Both students at UCA, the two were studying in different departments and likely never would have crossed paths. Collins, who was nondenominational, joined the Church this Easter and the couple plan on getting engaged.
“I think it just opens up the possibilities of finding somebody you’re actually compatible with; especially if you don’t want to date people in your friend base,” Collins said of online dating.
While there are several reputable dating sites, CatholicMatch.com is committed to helping people find those that share Catholic values.
“We are a major tool in the lives of people looking for sacramental marriages,” said Robyn Lee, managing editor of CatholicMatch Institute. “We provide content and education for Catholics so they can better discern dating and marriages. It’s really evolved.”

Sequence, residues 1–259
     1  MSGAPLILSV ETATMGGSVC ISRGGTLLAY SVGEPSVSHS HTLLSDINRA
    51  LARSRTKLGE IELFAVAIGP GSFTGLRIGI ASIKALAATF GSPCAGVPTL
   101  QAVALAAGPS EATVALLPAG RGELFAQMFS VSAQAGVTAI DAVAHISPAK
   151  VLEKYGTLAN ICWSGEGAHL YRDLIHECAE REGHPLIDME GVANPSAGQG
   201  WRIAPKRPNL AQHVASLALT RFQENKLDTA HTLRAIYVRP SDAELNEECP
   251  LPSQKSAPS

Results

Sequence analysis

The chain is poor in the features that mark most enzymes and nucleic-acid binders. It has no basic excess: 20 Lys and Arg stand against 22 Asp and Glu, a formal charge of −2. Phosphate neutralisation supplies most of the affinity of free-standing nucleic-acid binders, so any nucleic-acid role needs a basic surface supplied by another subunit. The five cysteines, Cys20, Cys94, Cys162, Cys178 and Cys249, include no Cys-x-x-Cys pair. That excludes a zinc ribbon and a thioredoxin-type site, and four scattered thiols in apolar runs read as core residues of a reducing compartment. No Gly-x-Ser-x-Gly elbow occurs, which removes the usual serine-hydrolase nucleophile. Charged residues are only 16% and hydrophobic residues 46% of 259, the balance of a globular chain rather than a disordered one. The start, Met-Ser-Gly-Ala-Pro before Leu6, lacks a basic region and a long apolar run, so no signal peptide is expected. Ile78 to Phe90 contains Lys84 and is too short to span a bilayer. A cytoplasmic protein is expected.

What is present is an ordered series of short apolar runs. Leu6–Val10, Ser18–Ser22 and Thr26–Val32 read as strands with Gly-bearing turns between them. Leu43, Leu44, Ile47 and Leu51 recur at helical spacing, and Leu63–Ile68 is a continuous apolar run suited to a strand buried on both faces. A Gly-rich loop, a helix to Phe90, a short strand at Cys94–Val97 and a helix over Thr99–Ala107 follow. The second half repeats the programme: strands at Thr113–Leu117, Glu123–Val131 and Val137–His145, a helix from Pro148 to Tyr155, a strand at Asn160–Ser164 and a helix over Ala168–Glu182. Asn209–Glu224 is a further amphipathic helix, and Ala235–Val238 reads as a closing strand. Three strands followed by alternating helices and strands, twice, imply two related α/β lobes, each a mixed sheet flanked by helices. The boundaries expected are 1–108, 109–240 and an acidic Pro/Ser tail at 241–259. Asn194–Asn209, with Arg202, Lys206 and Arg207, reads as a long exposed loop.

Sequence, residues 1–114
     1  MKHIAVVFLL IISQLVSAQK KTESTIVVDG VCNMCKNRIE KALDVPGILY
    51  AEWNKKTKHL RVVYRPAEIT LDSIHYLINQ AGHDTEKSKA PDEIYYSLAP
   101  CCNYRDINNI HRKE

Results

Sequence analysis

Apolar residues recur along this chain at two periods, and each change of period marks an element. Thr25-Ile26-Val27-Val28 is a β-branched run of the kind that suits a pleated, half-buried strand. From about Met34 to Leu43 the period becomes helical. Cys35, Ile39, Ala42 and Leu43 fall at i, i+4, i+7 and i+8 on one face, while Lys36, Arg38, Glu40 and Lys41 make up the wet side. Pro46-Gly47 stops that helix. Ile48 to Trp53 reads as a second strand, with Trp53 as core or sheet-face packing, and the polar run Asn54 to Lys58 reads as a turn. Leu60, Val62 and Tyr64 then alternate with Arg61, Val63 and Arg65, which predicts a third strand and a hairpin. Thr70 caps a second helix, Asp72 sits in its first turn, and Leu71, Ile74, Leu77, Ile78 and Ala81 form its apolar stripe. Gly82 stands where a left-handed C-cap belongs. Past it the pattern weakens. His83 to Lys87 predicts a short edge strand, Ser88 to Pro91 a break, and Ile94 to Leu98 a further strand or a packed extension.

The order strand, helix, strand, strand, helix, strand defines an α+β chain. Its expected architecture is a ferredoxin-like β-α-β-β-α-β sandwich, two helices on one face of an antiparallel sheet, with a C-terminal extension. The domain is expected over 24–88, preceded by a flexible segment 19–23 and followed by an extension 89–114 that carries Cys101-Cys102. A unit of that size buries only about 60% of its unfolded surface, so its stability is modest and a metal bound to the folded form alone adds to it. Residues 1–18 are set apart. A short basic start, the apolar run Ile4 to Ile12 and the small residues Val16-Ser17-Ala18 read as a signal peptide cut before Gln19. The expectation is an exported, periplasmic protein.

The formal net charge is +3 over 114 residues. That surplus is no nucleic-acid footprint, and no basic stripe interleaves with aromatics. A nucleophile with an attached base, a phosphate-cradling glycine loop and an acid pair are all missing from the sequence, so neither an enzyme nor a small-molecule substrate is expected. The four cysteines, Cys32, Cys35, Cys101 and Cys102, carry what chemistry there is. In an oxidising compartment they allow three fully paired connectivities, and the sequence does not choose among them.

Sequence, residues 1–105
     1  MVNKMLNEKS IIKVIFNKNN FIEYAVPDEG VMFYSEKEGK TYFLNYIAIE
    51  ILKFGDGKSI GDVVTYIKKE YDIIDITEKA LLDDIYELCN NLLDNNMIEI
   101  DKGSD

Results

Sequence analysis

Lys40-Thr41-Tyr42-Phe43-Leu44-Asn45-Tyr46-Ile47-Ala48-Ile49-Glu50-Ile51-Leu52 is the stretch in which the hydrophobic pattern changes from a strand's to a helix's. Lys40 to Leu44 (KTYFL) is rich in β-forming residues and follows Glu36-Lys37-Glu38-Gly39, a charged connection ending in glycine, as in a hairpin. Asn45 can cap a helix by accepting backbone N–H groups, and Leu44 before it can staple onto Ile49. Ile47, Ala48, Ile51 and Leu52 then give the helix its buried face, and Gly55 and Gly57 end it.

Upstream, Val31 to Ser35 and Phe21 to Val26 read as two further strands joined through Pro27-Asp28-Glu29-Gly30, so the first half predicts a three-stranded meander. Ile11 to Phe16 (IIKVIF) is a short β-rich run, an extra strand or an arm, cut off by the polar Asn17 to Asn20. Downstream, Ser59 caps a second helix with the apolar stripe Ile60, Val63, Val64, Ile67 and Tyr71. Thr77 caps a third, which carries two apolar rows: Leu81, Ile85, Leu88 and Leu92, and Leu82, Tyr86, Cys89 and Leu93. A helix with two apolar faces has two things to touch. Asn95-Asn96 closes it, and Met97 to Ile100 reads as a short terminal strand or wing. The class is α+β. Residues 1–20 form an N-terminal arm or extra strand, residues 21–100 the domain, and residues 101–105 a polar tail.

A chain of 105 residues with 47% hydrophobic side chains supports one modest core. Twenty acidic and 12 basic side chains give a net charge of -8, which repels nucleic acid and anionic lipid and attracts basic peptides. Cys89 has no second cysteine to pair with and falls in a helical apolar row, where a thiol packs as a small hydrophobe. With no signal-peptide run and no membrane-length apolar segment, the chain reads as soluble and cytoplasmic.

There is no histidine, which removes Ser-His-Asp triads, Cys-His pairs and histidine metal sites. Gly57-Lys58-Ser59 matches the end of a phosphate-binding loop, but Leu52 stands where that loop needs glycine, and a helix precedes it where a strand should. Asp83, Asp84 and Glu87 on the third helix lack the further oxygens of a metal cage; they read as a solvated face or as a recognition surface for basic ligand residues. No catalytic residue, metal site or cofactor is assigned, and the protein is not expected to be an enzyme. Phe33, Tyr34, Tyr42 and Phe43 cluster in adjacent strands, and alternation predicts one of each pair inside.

CatholicMatch started as Saint Raphael.net in 1999 and grew into a dating website that counted its one millionth registered profile in 2013, with thousands of marriages reported each year.
“‘If you’re online you’re a freak and only ax murders are on there,’” Lee said of the old way of thinking. “There’s a total mentality change. The internet and social media have become a part of our daily lives.”
The company provides an online guide to using CatholicMatch for the best results, Lee said.
“Online dating isn’t this magic thing. If you buy a membership to a gym are you automatically going to be buff and thin? It’s the same concept with online dating,” Lee said. “It’s a tool; it’s not meant to completely fill your life. Relationships happen face to face. We encourage people to use this tool to meet people when they normally wouldn’t.”